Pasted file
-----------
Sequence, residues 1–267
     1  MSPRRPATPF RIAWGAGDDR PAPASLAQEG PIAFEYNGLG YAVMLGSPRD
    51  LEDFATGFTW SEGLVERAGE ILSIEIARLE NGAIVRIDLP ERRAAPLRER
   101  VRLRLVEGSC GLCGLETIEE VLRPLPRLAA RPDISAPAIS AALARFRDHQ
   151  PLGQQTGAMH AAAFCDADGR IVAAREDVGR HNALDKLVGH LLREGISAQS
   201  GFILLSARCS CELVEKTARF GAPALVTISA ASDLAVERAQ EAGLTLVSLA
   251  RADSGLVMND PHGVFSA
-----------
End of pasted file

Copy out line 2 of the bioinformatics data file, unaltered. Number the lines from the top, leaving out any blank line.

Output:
     1  MSPRRPATPF RIAWGAGDDR PAPASLAQEG PIAFEYNGLG YAVMLGSPRD